When I think about Natasha, I first reflect on a morning in March of 2013. It was pitch dark outside. The city of Kampala was sleeping. Although Natasha was in high spirits, I was not because it was 4:30 am, Natasha was very ill, and we were about to wait in line for the one radiation machine in the entire country. Amongst other life-threatening illnesses, Natasha was fighting stage 4 cervical cancer. She was fighting hard for her life, but her attitude and demeanor didn’t show it. She was peaceful and filled with unexplainable joy.
As I turned the key in the ignition, nothing happened. Battery trouble again at a terrible time. Natasha laughed off the mechanical issue and told me to open up the hood of the car. She got to work, then told me to try to turn over the engine again and the car roared back to life. My friend, the cancer patient, the one fighting for her life, had fixed the vehicle without hesitation and with that twinkle in her eye I loved so much. That twinkle will forever remind me just how strong, bold, and spirited Natasha was.
The doctors told us that the cancer in Natasha’s body would kill her. The radiation treatments were meant as an attempt to ease Natasha’s pain and bleeding. I’ll never forget the shock on the doctor’s face when she pulled me aside after getting the results back post-radiation. She told me that Natasha would be able to sustain chemotherapy. It was a miracle. With the radiation machine in Uganda being 10x less strong than the machines used in most countries, her response to the treatment was remarkable. Still, even with Natasha being a candidate for chemotherapy, we were warned that chemotherapy would only help her live longer and with less pain. The cancer was just too large.
Natasha did not accept that cancer would kill her. After chemo treatments she would be so sick, but would still wander out of the house hours after treatment with music playing, asking me to dance with her or having her own private dance party. Natasha, dancing with herself to the music in her headphones, is one of the sweetest things I’ve ever seen.
Faith was an important part of Natasha’s struggle with cancer. Though raised Muslim, she made a choice to continue praying to the Christian God because she believed He had kept her alive. She believed He would save her from dying of cancer. And He did. A couple months after treatment was over, I got the call that Natasha was in remission and her cancer was gone. I sank down under my desk and cried tears of gratitude. I had experienced a true miracle.
At just 34 years young, on Monday February 22, 2016, Natasha passed away. Though she had beat cancer three years ago, other health complications took her life. I guess God thought the world needed Natasha and her light for another 3 years. I’m left wondering if God may have spared her life a little longer for all of us who loved her so dearly. We could not have bared to see her go three years ago when she had fought cancer so hard.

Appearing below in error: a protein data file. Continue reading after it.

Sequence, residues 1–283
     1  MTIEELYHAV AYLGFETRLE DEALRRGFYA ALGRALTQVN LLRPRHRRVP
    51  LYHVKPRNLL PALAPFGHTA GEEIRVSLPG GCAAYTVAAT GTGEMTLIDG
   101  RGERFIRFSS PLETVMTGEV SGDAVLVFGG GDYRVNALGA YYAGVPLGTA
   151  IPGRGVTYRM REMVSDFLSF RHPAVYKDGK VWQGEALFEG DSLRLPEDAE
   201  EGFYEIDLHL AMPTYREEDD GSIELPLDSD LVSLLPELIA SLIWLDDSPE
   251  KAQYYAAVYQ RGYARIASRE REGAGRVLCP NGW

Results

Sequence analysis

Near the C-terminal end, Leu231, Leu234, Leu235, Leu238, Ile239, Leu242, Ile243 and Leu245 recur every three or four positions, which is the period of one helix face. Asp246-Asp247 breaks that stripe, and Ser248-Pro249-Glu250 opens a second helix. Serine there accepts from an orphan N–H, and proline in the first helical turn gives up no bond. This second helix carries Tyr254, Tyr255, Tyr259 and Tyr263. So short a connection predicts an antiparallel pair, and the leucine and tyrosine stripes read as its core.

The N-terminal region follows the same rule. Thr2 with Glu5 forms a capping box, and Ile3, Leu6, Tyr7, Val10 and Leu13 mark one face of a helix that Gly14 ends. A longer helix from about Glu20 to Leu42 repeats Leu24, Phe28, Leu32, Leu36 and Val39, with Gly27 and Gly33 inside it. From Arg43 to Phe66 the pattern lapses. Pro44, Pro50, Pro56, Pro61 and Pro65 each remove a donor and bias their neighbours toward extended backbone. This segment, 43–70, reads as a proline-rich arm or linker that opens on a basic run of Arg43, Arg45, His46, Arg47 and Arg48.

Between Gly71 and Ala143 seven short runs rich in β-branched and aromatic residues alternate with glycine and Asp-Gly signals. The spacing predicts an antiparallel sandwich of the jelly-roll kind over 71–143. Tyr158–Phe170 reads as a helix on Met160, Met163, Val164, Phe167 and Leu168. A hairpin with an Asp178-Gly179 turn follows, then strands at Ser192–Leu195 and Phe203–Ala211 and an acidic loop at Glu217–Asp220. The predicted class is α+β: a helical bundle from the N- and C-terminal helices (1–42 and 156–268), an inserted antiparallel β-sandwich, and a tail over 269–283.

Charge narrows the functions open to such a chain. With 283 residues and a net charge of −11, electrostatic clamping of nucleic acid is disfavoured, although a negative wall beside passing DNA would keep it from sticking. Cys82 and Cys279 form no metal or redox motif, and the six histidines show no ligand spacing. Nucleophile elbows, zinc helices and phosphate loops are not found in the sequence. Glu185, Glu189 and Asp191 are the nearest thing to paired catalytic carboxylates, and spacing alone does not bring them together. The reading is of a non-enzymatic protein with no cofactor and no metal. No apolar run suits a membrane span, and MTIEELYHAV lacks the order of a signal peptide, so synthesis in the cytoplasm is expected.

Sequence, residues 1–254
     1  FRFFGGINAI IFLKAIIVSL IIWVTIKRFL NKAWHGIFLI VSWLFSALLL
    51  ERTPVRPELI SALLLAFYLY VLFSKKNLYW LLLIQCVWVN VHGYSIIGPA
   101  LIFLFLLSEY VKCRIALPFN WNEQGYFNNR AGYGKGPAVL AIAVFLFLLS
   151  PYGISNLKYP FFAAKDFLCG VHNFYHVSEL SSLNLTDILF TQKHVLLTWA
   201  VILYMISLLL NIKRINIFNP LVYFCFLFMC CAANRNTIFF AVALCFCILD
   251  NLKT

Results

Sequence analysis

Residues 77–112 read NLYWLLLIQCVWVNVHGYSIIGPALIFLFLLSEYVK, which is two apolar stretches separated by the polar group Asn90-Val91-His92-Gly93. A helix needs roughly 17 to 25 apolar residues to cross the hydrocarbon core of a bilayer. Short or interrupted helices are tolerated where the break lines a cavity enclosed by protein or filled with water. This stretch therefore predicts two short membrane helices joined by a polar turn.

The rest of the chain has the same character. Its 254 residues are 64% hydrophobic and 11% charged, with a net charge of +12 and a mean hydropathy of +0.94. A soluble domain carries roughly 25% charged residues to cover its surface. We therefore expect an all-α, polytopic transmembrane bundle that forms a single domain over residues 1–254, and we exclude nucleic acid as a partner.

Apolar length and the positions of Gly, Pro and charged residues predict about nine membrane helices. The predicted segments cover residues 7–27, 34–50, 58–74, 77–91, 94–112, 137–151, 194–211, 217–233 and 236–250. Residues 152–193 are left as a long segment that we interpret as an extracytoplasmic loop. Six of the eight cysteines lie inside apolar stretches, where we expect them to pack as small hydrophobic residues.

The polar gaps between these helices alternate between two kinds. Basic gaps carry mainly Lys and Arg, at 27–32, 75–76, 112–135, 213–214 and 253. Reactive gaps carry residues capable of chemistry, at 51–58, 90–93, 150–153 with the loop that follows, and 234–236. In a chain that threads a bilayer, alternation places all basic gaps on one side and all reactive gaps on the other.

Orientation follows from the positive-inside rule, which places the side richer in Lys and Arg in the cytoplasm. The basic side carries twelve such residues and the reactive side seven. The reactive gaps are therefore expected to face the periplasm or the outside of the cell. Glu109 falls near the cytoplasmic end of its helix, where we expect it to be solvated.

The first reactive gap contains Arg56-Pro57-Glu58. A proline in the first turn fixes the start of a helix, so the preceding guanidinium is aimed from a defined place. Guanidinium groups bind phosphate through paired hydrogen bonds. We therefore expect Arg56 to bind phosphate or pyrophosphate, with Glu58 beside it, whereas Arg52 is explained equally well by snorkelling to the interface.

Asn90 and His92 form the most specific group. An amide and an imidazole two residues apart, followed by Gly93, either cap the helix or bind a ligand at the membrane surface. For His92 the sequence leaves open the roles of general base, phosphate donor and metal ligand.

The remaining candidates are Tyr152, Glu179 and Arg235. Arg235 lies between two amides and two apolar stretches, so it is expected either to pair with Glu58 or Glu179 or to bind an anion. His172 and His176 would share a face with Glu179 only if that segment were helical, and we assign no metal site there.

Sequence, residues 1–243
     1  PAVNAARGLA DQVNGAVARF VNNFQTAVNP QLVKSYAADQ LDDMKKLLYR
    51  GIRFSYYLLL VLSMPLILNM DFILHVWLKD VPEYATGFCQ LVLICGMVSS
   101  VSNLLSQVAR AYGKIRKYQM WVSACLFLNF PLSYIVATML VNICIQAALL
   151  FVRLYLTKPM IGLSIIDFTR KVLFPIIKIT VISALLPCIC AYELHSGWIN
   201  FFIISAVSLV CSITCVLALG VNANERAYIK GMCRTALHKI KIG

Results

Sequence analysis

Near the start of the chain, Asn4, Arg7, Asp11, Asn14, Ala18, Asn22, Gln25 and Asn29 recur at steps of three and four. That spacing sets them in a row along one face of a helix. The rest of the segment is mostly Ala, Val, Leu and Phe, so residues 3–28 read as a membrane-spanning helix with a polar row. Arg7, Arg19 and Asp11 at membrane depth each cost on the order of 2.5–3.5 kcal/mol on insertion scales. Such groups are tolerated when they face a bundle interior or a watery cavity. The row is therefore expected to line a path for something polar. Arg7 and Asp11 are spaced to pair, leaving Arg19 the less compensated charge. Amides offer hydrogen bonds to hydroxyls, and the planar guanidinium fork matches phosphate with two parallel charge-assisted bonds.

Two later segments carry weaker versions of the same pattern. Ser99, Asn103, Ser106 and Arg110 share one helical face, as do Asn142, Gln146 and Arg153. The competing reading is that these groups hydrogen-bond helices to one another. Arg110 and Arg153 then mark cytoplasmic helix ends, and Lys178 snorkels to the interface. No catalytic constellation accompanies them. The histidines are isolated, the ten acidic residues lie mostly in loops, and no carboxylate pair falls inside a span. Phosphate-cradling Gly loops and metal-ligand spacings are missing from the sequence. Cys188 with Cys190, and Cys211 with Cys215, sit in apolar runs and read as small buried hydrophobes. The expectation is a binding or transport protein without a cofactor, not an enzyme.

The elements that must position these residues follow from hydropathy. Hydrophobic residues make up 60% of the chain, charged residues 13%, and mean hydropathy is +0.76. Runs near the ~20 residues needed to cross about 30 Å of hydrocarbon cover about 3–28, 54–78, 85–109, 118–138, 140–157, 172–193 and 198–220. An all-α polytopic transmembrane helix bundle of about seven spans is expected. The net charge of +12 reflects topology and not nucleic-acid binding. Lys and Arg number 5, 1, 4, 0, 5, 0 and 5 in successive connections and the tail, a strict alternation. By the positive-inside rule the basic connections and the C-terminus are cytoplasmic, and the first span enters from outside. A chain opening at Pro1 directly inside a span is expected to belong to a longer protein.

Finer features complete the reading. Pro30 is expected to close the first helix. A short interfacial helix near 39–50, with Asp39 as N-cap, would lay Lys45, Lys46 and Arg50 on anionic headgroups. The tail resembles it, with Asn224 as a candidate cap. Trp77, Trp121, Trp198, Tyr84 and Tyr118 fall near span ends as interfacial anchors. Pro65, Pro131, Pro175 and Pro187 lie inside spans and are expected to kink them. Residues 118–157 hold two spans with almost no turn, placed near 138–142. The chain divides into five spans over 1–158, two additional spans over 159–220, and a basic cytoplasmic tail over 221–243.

Unfortunately, Natasha’s struggle with health was not the beginning of her story. Natasha was a survivor of human trafficking. She was taken from her home country of Uganda and sold as a sex slave in both China and Thailand. After being told she had received a well-paying job as a receptionist abroad, she was tricked and forced into sexual slavery. When Natasha was rescued, sex trafficking had left her with HIV, stage 4 cervical cancer, and hepatitis B. Every single disease she contracted was a direct result of the exploitation her body endured.
Natasha did not ask for such a life and she is not alone in having her life, health, and freedom stolen from her. Each year countless numbers of Ugandan women are trafficked abroad. They are told that they can get jobs that will help them lift themselves and their families out of poverty. Dozens board planes everyday without knowing that they are being trafficked for labor and/or sex until they reach their destination. The exploitation is unimaginable.
I sit here trying to process my grief, asking myself, “who is to blame for this?” In most cases, trying to place blame on an individual or circumstance for the loss of a human life is an unhealthy exercise, but in this case it seems fitting for me to discuss the culprit. The true criminal is the horrendous abuse and exploitation Natasha endured. Sex trafficking. If it hadn’t been for this travesty, Natasha would still be alive. She would have lived to see her daughter graduate high school. She would still be dancing, singing, and bringing joy into the world.
I can’t sit in silence in my own grief and I know Natasha wouldn’t if she were in my shoes. She proclaimed truth at all costs and would expect me to share her story and call upon others to fight this fight.
I know that there is no better way to honor Natasha’s life than to share her story and invite more of you to embrace this cause. Together, we can make a difference in the fight against human trafficking. We can bring hope to victims, restore dignity, and provide opportunities for survivors to heal from trauma and live full lives. I hope that you will join us in honoring Natasha life by sharing her story and joining the fight against human trafficking. Click here to make a donation in her honor.